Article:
An accident that could have ended his life gave him a new one

The Alhambra’s “Wheels Up” exhibit showcases Martin Vogel’s artwork and others’

overhead shot of man in wheel chair creating artwork, black half circles on a white canvas

Martin Vogel uses his wheelchair to paint lines on canvas. Photo courtesy of Martin Vogel.

At the age of 21, Martin Vogel was dispatched from rehabilitation after a life-threatening motorcycle racing accident that left him paralyzed from the chest down.

He knew that newly paralyzed adults often experience depression and trouble adapting to their new situation.

“The wheelchair thing can be a nightmare for some people, like wearing a pair of lead shoes,” he said.

As Vogel lay in the hospital bed after his accident, he decided he would need to change his outlook on life. He realized that he couldn’t compare his new life as a paraplegic to his old life.

What struck him is that he had been given an opportunity that most people will never get: a brand new life.

Soon after he was released from the hospital, his friends took him to Chaney Trail in the foothills of the San Gabriel Mountains. This is a smooth dirt trail leading down to a river — perfect for Vogel’s wheelchair.

Heading down the trail, Vogel stopped about three times waiting for his friends to catch up. His new wheelchair allowed him to go much faster than his friends on foot.  Each time he stopped, he would roll around in the dirt a little bit, just killing time.

On the way back up, Vogel noticed the spots in the dirt where he had previously stopped and rolled around.  

“What the heck?” he thought to himself. “That looks like art.”

Martin Vogel draws on canvas using the wheels on his wheelchair. Photo courtesy of Martin Vogel.

Vogel, who lives in Pasadena, has artists on both sides of his family, and he remembers his mom taking him to art museums as a young child. As a 5-year-old, he drew portraits of himself and his family members. His love of art continued as he grew older and he ventured into different media.

He never thought his next medium would be dirt.

After it dawned on him that he could use his wheelchair to draw lines on the ground, Vogel began practicing. He went to areas around bus stops, where soot from the buses collected on the sidewalks nearby. In this soot, he drew designs while waiting for the bus.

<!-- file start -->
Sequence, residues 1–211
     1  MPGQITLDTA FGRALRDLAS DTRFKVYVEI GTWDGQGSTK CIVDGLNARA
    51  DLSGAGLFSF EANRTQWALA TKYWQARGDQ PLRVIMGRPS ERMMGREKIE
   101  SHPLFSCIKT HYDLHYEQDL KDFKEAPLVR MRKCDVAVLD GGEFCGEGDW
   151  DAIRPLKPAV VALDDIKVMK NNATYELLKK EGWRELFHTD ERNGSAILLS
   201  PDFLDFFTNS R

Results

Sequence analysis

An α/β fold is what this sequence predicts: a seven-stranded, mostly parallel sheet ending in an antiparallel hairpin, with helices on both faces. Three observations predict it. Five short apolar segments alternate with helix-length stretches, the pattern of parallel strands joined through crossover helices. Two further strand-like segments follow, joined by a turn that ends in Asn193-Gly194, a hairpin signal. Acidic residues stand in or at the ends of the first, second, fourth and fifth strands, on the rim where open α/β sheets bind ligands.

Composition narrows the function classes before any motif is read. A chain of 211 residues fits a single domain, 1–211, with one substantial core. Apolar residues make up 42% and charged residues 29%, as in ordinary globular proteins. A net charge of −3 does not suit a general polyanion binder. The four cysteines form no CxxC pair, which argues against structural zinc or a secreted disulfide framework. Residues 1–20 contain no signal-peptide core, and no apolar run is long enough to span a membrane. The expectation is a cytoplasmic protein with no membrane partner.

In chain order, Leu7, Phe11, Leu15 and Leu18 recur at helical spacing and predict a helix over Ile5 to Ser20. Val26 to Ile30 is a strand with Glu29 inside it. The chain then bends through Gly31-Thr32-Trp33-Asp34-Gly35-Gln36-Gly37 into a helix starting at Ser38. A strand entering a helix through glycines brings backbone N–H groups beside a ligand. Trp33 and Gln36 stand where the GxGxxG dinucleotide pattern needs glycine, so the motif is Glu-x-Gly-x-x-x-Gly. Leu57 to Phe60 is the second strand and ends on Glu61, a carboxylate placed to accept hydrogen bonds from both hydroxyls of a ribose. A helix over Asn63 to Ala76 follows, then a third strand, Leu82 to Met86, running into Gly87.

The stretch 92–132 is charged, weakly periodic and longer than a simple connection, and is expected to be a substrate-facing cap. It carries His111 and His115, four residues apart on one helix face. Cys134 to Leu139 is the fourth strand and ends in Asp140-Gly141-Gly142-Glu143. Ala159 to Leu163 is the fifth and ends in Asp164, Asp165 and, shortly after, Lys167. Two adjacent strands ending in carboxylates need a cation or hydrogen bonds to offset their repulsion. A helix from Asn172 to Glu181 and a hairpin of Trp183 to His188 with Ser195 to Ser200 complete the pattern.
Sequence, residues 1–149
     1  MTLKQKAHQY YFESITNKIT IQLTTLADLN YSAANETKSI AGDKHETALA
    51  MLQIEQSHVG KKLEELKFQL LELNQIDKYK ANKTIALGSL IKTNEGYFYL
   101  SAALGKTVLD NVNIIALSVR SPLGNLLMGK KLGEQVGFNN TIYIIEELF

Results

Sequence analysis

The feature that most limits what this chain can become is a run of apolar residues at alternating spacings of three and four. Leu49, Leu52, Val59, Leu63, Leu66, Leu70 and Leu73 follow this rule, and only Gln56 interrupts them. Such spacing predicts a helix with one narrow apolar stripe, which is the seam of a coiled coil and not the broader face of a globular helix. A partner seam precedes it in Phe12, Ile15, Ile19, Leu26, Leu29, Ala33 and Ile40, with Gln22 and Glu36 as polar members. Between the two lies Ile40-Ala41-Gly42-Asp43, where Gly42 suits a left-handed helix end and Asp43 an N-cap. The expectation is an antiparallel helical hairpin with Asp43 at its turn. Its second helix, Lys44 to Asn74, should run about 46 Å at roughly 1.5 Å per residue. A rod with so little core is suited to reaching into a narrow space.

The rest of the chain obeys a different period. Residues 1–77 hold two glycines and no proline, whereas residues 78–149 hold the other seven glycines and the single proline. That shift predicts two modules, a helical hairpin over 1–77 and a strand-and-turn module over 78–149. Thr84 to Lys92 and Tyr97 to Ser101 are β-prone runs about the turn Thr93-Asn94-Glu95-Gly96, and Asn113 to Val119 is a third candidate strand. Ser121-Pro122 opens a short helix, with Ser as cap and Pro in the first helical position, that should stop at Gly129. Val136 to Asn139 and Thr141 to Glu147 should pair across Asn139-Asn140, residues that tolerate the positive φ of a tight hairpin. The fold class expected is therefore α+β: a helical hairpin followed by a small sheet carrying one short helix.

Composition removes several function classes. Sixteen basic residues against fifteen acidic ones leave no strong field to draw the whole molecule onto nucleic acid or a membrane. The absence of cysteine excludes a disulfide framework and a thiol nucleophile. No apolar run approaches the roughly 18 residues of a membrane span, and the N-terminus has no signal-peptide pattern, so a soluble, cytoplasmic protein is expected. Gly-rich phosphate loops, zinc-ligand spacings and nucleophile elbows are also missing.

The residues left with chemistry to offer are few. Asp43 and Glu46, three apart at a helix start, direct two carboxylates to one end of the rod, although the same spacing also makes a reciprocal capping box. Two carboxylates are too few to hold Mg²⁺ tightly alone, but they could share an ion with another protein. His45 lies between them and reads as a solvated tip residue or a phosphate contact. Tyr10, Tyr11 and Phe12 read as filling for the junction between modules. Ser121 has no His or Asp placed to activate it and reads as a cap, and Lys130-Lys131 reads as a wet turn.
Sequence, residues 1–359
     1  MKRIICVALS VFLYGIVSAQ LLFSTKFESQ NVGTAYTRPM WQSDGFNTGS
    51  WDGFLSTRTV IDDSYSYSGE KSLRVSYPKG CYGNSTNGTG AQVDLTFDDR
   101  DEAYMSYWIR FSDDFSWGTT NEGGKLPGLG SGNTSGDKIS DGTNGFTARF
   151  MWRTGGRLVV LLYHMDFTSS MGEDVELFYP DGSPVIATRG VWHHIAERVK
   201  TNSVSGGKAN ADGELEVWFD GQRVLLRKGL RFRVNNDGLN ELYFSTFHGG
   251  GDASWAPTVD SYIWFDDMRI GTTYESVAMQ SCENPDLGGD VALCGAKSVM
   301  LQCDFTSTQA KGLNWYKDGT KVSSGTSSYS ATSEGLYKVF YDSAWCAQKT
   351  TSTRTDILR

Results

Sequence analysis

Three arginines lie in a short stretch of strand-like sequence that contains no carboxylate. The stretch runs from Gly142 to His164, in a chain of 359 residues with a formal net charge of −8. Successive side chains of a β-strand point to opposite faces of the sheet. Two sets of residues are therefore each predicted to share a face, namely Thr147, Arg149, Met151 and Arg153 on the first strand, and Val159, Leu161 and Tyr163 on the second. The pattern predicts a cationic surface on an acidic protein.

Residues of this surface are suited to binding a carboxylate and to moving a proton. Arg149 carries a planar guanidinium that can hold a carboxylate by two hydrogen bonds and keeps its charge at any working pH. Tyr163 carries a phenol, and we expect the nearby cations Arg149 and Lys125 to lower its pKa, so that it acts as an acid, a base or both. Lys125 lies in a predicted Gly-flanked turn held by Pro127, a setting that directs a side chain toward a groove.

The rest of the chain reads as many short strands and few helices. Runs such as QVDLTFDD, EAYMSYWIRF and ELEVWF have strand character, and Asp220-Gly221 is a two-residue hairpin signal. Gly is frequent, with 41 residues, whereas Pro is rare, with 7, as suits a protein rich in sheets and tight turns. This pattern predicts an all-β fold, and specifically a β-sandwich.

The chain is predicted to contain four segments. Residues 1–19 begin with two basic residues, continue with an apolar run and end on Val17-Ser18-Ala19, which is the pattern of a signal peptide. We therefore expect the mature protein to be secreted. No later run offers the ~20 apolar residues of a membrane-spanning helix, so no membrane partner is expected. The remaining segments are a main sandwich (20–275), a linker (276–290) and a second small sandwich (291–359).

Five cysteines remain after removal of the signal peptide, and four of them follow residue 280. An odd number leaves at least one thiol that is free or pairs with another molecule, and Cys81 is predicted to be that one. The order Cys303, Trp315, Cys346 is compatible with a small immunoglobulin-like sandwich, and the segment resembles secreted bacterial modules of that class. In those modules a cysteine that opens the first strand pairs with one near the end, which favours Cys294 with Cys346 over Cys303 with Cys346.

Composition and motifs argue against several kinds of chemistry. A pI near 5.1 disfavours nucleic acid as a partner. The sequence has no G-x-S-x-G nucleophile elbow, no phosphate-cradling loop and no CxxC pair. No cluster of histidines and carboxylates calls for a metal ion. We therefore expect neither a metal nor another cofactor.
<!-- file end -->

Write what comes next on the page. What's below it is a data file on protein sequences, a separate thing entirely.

“Almost every day it would be covered over with more soot, so it was like a renewable resource,” he said.

His next step was to begin painting on canvas. However, Vogel only had one wheelchair at the time, and he didn’t want to get it covered in dirt or other art supplies. It took him about one year to acquire a new wheelchair, so he could dedicate his old one specifically to art.  

Now over 30 years later, Vogel is an accomplished abstract artist and an advocate for the disabled art community. His work has been displayed at numerous different installations across Southern California, and he has created hundreds of pieces for privately-owned spaces.  

Currently, he has several pieces hanging at The Alhambra as part of the Academy of Special Dreams’ “Wheels Up” exhibit. Vogel met the founder of the organization, Michael Dergar, about 10 years ago while painting in an alley behind his art exhibit in Old Town Pasadena.

Dergar started the organization in order to give a voice to the disabled art community.  With the help of Megan Moloughney, senior development manager at The Alhambra, the “Wheels Up” exhibit will be on display until October.  

“Anyone can come to the property,” Moloughney said.  “We’re displaying artists with disabilities. There’s lots of different paintings and photos and different mediums.”

Martin Vogel produces smaller paintings as well so that people can take home a piece of his art with them. Photo courtesy of Martin Vogel.

In addition to being one of the featured artists, Vogel is an advocate for the program.

“Since the first time I met him on the street, we’ve been working together to help bring public awareness and recognition,” Dergar said. “He’s basically the face of the Academy when it comes to leadership and never giving up because of a disability.”

It’s not easy to navigate a world that isn’t as accommodating for people with disabilities. Nearly 1.7 percent of the American population reported living with some level of paralysis, according to the Christopher & Dana Reeve Foundation.

Even with a disability, Vogel said his new circumstances have allowed him to make a career of both art and extreme racing – the very thing that left him paralyzed.

Red and green artwork, made of curved lines and what looks like an abstract green leaf.
Martin Vogel’s artwork has been featured at galleries, museums, and office spaces. Image courtesy of Martin Vogel.

He is currently a world champion professional wheelchair racer and is preparing for the Long Beach Marathon at the end of the month. He said he is also working on launching his own wheelchair combat sport, an idea that he has patented.

“If I ever made a mistake,” Vogel said, “it was never a mistake because this is a brand new life, and everything’s just kind of a learning experience.”

The “Wheels Up” exhibit will be on display until October at The Alhambra, at 1000 Fremont Ave., Alhambra, California. There is no admission fee. The gallery features the work of Vogel and other  artists with disabilities from the Academy of Special Dreams.

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